Mick and Jeff These gents haven’t graced these parts for a wee while, and I believe this could be their first gig anywhere in over a year. Welcome back. We start with ‘a Scottish song’, though they never break far from their blues roots, think Skye Boat Song as Prairie Yarn. Before long, we’re back in proper blues territory, with ‘Been Here Too Long Blues.’ Their fine partnering recalls Sonny Terry and Brownie McGhee. Vintage. I hadn’t seen them before, but hopefully will do again.

Nyk Stoddart ‘Another Song’ showcases Nyk’s ability to play with perceptions and demolish them, with as riotous a performance as any. This is elemental acoustic rock.

Hughes and McQuade They begin with a ballad over a drone, and establish themselves as a confident pairing. Country-influenced, their stuff reminds me of those Lonestar chaps. Their second, ‘Glorious’, is no exception, speaking of redemption, I would pray for better days.   I don’t know which is Hughes and which is McQuade, but the singer has a voice of effortless pitch and power. Strong stuff. Pass me a bourbon.

Jules Everything solid melts into air,   he sings in a lively one that reminds of Pulp-style mock-disco. His second is decidedly repentant, all you ever get from me is trouble.   …and a song to remember him by, of course.

Monkey Helmholtz Perceptive, I know, this may not be his real name. I rather wish it was. A guitar that’s barely there builds through single notes, to hurried arpeggios, to pounding chords, while empowered vox soar overhead. The tide don’t come back in for me.   No, it probably doesn’t think it’s up to the challenge. His second has guitar mimicking vocals note for note, while the lyrics are feverishly spat and mumbled out. Being four days old, these dissolve by the end of the song, but it was striking, and well worth it, nonetheless.

Gustav Gustav A ginger rose by any other name (Calum Haddow), this man is one of my favourite acts to frequent (though it would be nice if he was a bit more frequent) OOTB, purely because the energy and fearlessness he brings ensures I’ve never seen a dud set. So it is tonight. Through me a line, I’m drowning up here   he implores, though he’s far from it. It is impassioned and compelling. Calum is acutely aware of the effectiveness of dynamics, as with ‘First Aid’, my favourite. His delivery raises giggles, which disarm the audience to the harrowing subject matter of a battlefield medic. By the climax, all my hairs are on end.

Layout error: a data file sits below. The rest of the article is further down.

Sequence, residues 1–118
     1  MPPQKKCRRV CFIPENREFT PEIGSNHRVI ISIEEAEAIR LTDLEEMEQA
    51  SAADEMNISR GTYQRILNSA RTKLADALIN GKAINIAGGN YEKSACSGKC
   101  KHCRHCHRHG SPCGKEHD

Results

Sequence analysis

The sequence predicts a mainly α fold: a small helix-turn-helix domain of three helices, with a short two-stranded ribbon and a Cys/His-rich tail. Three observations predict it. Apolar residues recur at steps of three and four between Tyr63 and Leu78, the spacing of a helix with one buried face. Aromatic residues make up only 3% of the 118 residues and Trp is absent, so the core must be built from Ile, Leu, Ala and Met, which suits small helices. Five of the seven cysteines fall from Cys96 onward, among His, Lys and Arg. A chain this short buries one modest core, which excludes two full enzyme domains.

Michael Donnigan He’s still up from London, just, and I’m glad to have another chance to see some of the finest fretwork to grace OOTB. ‘Believe in me’ is about being dumped, with tight jazz nicely complemented light vox, and, as ever, immaculate guitar. A Dylanesque tale of when punk meant something (tight trousers and silly hair, not baggy trousers and silly hair like today); ‘Slanj’ is a toast to an old friend. His mate Brendan moans harmonies from the back, and the room crackles. Pretty touching stuff.

Andrew Iain – squashee Raises the mood again with the biting and funny ‘I don’t fancy you anymore.’ A jaunty song of the reversion to melancholy after the girlfriend is dispatched; he has the room singing the choruses by the end. Good fun.

Jake & Ross, squashee These guys have been solid attendees recently. ‘Spinning Rooms’ is pretty lively and happy given the debauched subject matter – getting wasted and comatose. This pair is pretty slick, and they’re on form tonight. I can’t help but think Jake’s onstage persona is bigger than the small arrangement here, bring more people onstage. All the same, one suspects a Featured Act slot beckons.

Compere: Daniel Davis, Review: Rob Sproul-Cran, Sound: David O’Hara